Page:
Marvel: Ultimate Alliance 3 - The Black Order

Fights, Camera, Action!

Ever since X-Men Legends, the isometric hack and slash model has identified itself well within the Marvel Universe. From its sequel; Rise of Apocalypse, and of course the first two entries into the Ultimate Alliance franchise, not to mention the short-lived Marvel Heroes: Omega, we have seen several titles allowing you to cut loose with a wide variety of its iconic heroes. For years, fans of Ultimate Alliance wondered if we would see yet another entry in the beloved series. When it was announced that this long-awaited next entry would be a Nintendo Switch exclusive, many were disappointed. This exclusivity was due to Nintendo being the publisher on the title, being responsible for bringing the series back. That said, while the portable nature of taking the game on the go is very appealing, the overall experience is decent at best, provided you can come to grips with the title’s many failings.

During the rise of the MCU, it was very common to only see the film adapted characters featured prominently on boxes of cereal, birthday supplies, t-shirts, and of course, other Marvel licensed games. Marvel vs Capcom: Infinite was the nail in the coffin when it came to how Marvel was treating characters such as the X-Men, or the Fantastic Four, characters they didn’t have access to at the time for their movies. Even some mobile games were leaving several characters out, due to the fact they wanted their MCU cast front and center. With Marvel now having access to nearly every character they own, Ultimate Alliance 3 had the chance to fix this representation issue, and it does, for the most part.


Clearly inspired by the Infinity Stone saga told throughout the MCU series of films, we finally get to see such popular characters like Iron Man, Captain Marvel, Spider-Man, and Star Lord, interacting with a variety of the X-Men, and the Defenders; Iron Fist, Jessica Jones, Daredevil, and Luke Cage. While we’ve seen that several times over in the comic books and mobile games, it feels like forever since Marvel has allowed the use of such characters in the console space. Sadly, Marvel’s first family, the Fantastic Four, are sitting this one out until they are added into the game as DLC in the fall. While the cast that does reside in the game is impressive, many choices here are relatively safe ones, with only one significant deep cut in the wise-cracking monster hunter, Elsa Bloodstone.

Again, being a title meant to capitalize on the popularity of the MCU, you’ll have the following characters in Black Widow, Black Panther, Captain America, Captain Marvel, Doctor Strange, Drax, Falcon, Gamora, Groot and Rocket Raccoon, Hawkeye, Hulk, Iron Man, Scarlet Witch, Spider-Man, Star Lord, Thor, and the Wasp. Also, you’ll have characters from outside the MCU in Crystal from the Inhumans, Daredevil, Deadpool, Elsa Bloodstone, Ghost Rider, Iron Fist, Luke Cage, Miles Morales, Ms. Marvel, Nightcrawler, Psylocke, Spider-Gwen, Storm, Venom, and Wolverine. I’ve also neglected to mention a few other playable characters that you can unlock, given you put enough time and effort into the game. Lastly, characters such as Cyclops, Colossus, Blade, Morbius, Moon Knight, and Punisher, will join the Fantastic Four as DLC to be added in later on. There are also several characters that will join alongside you that are not playable as of yet. These include Valkyrie, Jessica Jones, Beast, Winter Solider, Vision, and many more.


The narrative here is centered around the Black Order hunting down the Infinity stones for their master, Thanos. What I found actually surprising is that they included a member of the Black Order that wasn’t featured in either Infinity War or Endgame; Supergiant. This telepathic woman, alongside her compatriots, will stop at nothing to retrieve the stones for Thanos, and it’s up to the Marvel heroes to ensure their safekeeping. The story here is slightly below average, and is something that feels like a greatest hits fan-fic of the Marvel Universe instead of a well-written narrative. There are no direct surprises or events that you won’t see coming, and you’ll visit all the standard places that certain faction of characters would call home, or famous locations that have seen their fair share of iconic battles. Characters are used in ways you’d expect, with largely predictable dialogue that feels ridiculous at times, bordering on cringe. There are a few moments where several heroes will make out of character remarks, like Captain America referring to Bucky as the Winter Solider in a tense moment, or that most characters feel like they are written based solely around one of their many character traits, like how Deadpool is introduced here.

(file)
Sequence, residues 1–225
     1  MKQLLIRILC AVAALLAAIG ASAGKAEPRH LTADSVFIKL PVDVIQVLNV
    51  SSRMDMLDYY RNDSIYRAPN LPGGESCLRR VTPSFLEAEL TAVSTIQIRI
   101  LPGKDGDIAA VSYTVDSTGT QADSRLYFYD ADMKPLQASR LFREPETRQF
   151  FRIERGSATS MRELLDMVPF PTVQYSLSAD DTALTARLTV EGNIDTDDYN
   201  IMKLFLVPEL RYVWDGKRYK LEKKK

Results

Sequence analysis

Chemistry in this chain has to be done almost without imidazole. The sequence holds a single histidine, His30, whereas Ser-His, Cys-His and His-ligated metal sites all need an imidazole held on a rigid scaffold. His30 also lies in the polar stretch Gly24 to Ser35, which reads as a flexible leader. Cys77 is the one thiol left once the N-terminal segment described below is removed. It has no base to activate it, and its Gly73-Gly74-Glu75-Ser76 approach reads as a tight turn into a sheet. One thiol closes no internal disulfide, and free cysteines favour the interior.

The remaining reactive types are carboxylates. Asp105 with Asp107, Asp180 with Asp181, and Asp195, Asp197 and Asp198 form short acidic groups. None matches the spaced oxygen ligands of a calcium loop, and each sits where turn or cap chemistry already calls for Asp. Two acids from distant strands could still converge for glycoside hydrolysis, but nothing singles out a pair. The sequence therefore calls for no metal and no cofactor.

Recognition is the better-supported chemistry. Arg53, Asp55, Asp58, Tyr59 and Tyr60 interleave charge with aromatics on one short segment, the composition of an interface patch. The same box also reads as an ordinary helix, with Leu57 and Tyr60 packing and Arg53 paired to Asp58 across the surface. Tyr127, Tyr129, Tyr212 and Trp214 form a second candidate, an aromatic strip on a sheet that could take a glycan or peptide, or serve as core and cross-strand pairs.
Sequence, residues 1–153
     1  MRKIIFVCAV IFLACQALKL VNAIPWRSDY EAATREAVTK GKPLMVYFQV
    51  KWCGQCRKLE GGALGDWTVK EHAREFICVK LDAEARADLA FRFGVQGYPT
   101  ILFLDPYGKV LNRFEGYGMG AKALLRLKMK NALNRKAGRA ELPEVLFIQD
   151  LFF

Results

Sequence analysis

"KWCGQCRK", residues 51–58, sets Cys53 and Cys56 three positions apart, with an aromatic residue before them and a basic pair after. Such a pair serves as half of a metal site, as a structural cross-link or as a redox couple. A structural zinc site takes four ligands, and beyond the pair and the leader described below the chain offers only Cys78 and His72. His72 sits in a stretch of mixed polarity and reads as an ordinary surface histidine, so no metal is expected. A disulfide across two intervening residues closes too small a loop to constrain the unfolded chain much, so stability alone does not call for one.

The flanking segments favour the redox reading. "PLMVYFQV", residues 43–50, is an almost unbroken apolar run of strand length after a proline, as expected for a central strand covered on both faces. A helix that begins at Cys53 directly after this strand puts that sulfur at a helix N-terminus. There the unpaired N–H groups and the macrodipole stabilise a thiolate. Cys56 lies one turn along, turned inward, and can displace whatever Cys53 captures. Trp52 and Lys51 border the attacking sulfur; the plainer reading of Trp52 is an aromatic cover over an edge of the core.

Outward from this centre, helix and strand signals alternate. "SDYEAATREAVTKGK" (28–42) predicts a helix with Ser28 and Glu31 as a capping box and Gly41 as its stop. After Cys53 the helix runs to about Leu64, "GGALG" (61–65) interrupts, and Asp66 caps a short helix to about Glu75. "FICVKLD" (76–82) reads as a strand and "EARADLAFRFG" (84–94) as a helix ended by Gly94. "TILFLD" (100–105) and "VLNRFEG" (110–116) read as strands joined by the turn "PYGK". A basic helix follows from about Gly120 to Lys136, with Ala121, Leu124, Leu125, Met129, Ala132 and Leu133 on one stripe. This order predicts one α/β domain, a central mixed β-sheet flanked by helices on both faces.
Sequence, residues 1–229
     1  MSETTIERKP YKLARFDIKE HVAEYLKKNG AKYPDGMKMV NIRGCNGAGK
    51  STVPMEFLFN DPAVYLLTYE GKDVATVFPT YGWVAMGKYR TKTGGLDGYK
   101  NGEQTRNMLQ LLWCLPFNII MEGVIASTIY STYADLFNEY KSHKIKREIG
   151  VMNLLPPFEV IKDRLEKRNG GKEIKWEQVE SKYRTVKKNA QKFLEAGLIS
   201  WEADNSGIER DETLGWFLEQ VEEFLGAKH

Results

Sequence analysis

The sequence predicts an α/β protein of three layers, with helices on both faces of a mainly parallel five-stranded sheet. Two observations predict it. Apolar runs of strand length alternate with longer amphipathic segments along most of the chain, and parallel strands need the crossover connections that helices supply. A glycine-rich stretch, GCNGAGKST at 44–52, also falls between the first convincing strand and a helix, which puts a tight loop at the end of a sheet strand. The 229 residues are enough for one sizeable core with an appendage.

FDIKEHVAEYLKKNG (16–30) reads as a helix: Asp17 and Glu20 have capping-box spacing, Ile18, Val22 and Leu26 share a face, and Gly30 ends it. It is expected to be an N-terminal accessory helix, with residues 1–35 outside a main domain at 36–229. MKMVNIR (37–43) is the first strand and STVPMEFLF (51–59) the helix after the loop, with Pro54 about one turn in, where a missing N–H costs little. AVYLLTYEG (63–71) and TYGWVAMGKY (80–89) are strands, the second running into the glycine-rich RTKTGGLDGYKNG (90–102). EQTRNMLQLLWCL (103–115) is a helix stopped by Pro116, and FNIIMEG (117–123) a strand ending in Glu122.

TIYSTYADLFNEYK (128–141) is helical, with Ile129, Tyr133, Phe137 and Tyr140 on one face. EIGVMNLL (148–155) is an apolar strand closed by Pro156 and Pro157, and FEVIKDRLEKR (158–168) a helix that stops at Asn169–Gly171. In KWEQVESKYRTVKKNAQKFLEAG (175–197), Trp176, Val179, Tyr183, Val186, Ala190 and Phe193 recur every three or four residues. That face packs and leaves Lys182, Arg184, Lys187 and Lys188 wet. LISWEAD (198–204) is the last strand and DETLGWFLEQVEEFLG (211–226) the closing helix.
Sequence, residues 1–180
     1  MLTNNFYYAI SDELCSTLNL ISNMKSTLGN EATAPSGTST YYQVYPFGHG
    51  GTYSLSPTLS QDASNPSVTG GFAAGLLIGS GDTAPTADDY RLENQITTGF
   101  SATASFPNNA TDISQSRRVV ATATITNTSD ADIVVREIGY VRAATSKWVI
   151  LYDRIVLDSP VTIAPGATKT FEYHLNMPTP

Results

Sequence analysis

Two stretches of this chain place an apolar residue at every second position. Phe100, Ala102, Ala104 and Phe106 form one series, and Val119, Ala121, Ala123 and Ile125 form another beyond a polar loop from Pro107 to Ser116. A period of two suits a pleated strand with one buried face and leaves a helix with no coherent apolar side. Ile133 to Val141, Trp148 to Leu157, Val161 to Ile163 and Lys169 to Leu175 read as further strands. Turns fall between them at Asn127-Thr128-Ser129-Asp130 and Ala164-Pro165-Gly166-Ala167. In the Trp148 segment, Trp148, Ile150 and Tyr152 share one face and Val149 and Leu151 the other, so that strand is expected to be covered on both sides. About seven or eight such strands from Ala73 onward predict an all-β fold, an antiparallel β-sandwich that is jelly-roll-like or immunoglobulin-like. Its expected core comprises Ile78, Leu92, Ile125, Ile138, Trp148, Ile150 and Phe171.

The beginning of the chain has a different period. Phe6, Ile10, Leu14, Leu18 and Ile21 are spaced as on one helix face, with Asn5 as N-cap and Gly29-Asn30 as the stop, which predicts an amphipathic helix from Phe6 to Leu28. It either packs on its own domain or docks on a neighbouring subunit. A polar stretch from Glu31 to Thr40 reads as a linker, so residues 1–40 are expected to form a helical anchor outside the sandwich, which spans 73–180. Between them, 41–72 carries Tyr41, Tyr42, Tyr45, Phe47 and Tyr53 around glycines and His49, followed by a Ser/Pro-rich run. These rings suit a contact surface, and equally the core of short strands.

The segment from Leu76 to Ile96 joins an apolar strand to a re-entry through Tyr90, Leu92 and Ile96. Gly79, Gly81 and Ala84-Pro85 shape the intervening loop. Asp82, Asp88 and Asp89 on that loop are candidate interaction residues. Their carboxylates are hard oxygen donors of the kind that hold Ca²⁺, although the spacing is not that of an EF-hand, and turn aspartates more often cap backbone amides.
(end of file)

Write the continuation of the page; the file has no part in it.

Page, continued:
Each stage you’ll visit will cap off with the use of numerous villains, some of which will be extra superpowered thanks to the use of the Infinity Stones. You’ll encounter such iconic threats as the Green Goblin, Bullseye, Magneto, Klaw, Sandman, and many more. The game is quite loaded with boss encounters, which can all be revisited in numerous ways thanks in part to a challenge mode called “Infinity Rifts”. Several of these boss encounters will often allow that character to join your team, however; in the case of Magneto, and a few others, you’ll need to unlock them through these challenges in order to have them playable on your team. These challenges are more than just replaying the fights as they will have certain victory conditions and aspects to the fight that make them feel almost entirely new again. Each challenge is rated with three stars, with each star being attributed to a specific objective like defeating it in a certain time limit or reaching a certain score on a single attack. While this mode can feel a bit grindy after a while, you’ll unlock new color variants for your characters through this method as well as additional currency you’ll need to upgrade your roster apart from what you earn during standard play. Lastly, when you discover these Rifts during gameplay, tackling them will result in the game saving and exiting to the main menu once you’ve completed or left the trial. It’s a bizarre design choice that is just added to the pile of additional others that just feels like an odd choice.